4. 4. Page 4 of 7 Machine-Generated Password Strength  Does the testing tool accurately gauge the strength of the passwords? o The testing tool seems to accurately gauge the streng of the passwords. th Simple passwords are character and numeric patterns or dictionary words. The tool indicated stronger passwords when special characters and random characters are chosen.  What observations can you make about the strength of the different kinds of passwords? o Which kinds of passwords are strongest?  Longer passwords are stronger.  Pass-phrases are stronger.  K3wl on passwords are stronger. o Which kinds of passwords are weakest?  Shorter passwords are weaker.  Dictionary words are weaker.  How does length affect the strength? o Longer passwords are stronger.  How does complexity affect the strength? o Complex and random passwords are stronger.  How does length affect our activity to remember the password? o The longer the password is, the harder it is to remember it.  How does complexity affect your ability to remember the password? o Complex passwords are harder to remember. Diceware Creating Passphrases Diceware is a method for picking passphrases. These passphrases may then be used as a password. Dice are used to specify a sequence of random numbers that are in turn used to specify individual words that ultimately describe a pass phrase. What are your 3, 4, and 5 word passphrases us the Diceware method? ing 61315 tiaga 52462 rw 51516 regis Pass phrase: taiga rw regsi Strength: 6 Comments: Your password does not meet Corporate password standards for the following reason(s): Last printed 11/8/2005 0:09:00 a11/p11 Page 4
  5. 5. Page 5 of 7 1) The password needs at least two of the following: upper case letters, special characters, and numbers. 32514 heave 61263 timid 41463 manama 41361 mace Pass phrase: heave timid Manama mace Strength: 10 Comments: Your password meets Corporate password standards, but can be improved in the following way(s): Could use some numeric chars 26546 galen 12333 any 66162 900 43634 norm 22341 dante Pass phrase: galen any 900 norm dante Strength: 10 Comments: Your password meets Corporate password standards, but can be improved in the following way(s): Could use some uppercase chars Are the above passphrases easy to remember?  The longer the passphrases are, the harder they are to remember.  The shorter the passphrases are, the easier they are to remember.  But generally since the words of the passphrases are random, if one does not employ good memorization skills or as time increases, these passphrases may be harder to remember. Memorization works well with “catchy” phrases remembered by acronyms. Maybe this technique would be well suited for a doctor or a Russian. These people remember long complex character stringed words. Do you think the password strength assessor is accurate?  Generally, it seems logical that the longer the password are, the stronger they would s be, & this was consistent with the password strength assessor.  But I was a little surprised. I thought the passwords were strong, since they were hard to remember and sequential random words; but the password strength assessor indicated that the shorter passphrases were weaker than the longer passphrases. Conclusions on Machine-Generated Passwords versus Human-Generated Passwords How did the machine-generated passwords compare to the human-generated passwords? Last printed 11/8/2005 0:09:00 a11/p11 Page 5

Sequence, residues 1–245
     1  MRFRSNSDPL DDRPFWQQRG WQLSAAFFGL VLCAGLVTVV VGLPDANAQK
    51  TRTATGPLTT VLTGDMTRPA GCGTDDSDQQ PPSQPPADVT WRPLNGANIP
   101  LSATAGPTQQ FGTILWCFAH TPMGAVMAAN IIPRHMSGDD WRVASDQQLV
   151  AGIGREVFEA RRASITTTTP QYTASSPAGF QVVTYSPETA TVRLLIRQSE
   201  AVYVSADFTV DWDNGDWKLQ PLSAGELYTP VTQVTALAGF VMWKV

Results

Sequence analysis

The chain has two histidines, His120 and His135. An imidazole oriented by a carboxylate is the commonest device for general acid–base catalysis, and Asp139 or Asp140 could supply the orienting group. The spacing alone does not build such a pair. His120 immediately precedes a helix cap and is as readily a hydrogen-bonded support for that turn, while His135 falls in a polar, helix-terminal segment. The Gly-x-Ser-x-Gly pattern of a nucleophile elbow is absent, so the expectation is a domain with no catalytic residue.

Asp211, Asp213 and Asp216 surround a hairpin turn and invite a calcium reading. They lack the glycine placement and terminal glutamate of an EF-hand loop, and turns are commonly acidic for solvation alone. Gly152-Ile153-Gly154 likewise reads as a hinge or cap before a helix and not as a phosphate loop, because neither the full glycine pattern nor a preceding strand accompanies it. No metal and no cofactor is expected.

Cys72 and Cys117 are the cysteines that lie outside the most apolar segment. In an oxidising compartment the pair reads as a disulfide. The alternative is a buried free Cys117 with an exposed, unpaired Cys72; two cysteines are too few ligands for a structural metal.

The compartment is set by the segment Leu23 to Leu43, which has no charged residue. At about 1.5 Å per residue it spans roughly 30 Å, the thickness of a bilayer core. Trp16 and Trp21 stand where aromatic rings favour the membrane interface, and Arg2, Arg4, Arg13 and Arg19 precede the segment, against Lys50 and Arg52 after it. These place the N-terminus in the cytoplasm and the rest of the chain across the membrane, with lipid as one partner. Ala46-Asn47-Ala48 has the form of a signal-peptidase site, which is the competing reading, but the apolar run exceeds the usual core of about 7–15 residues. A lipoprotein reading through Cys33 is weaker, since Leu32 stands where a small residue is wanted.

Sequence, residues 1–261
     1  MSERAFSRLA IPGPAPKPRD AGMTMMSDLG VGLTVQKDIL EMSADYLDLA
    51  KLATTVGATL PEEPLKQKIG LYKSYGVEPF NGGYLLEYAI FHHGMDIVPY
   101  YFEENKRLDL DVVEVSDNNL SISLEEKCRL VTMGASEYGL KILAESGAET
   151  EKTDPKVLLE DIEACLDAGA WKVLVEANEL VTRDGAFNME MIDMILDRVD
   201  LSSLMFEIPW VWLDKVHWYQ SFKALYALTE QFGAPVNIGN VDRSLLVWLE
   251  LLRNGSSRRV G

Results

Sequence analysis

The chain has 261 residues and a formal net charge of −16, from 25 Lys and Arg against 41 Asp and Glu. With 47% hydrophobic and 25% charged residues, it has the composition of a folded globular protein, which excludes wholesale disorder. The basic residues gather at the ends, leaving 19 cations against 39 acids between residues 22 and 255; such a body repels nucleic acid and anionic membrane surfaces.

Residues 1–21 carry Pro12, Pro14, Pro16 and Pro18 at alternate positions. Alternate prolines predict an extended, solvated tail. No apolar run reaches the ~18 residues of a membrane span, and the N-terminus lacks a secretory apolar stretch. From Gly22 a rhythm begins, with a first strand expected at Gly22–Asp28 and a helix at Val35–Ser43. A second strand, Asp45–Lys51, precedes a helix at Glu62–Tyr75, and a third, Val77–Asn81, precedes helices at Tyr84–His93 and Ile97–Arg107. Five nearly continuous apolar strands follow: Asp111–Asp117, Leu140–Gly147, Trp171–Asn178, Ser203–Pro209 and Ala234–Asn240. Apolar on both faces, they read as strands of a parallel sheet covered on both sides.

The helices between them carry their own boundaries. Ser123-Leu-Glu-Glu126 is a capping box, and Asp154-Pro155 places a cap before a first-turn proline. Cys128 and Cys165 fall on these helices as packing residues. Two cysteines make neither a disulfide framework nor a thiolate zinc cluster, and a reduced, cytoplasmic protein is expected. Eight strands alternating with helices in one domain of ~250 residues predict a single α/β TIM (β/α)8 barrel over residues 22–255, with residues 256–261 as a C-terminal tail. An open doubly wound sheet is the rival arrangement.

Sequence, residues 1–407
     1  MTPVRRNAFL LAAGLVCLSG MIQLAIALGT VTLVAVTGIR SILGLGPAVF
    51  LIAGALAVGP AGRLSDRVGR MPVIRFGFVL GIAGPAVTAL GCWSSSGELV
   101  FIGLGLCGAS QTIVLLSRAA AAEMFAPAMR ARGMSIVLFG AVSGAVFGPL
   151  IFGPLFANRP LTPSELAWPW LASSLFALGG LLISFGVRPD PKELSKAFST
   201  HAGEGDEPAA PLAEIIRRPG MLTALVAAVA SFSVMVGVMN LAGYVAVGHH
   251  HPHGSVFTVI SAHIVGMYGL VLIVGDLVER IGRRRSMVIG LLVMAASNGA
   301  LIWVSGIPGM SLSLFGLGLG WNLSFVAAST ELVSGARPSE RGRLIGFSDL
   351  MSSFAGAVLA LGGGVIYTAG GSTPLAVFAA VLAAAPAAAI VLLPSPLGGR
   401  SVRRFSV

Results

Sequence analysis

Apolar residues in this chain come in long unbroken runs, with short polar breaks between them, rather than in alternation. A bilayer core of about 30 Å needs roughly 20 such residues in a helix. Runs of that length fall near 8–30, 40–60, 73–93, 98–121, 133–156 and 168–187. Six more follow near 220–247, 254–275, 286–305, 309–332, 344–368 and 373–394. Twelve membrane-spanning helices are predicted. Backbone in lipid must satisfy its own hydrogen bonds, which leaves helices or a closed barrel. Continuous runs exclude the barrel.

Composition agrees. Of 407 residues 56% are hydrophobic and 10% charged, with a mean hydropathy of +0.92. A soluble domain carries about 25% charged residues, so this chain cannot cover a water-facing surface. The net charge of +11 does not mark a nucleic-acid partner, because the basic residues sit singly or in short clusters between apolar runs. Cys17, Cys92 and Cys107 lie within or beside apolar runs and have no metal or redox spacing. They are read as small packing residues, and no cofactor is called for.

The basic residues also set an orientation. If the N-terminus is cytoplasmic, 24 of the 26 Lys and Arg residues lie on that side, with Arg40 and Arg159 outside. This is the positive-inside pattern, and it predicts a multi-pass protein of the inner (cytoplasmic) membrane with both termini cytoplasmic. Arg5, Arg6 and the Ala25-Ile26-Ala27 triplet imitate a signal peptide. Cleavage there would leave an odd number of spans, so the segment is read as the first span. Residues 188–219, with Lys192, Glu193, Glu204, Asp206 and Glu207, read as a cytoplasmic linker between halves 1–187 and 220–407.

6. 6. Page 6 of 7  Which are stronger? o Machine generated words seemed to translate into stronger passwords and passphrases. o Human-generated words were easier to remember, but generally seemed weaker. The strongest human-generated password was a random 5 word passphrase. This would be harder to remember.  Which are easier to remember? o Machine-generated password and passphrases were harder to remember. s o Some human-generated passwords and passphrases were easier to remember, but weaker passwords. o The random passphrase was a strong password passphrase, but harder to remember. How did Diceware-generated passphrases compare to machine-generated and human- generated passwords?  Which are stronger? o The shorter the passphrase, the weaker the password passphrase. o The longer the passphrase, the stronger the password passphrase.  Which are easier to remember? o The Diceware-generated passphrases were generally harder to remember. o The shorter the passphrase, the easier it was to remember. o The longer the passphrase, the harder it was to remember. Password Safe Last printed 11/8/2005 0:09:00 a11/p11 Page 6
  7. 7. Page 7 of 7 Appendix Last printed 11/8/2005 0:09:00 a11/p11 Page 7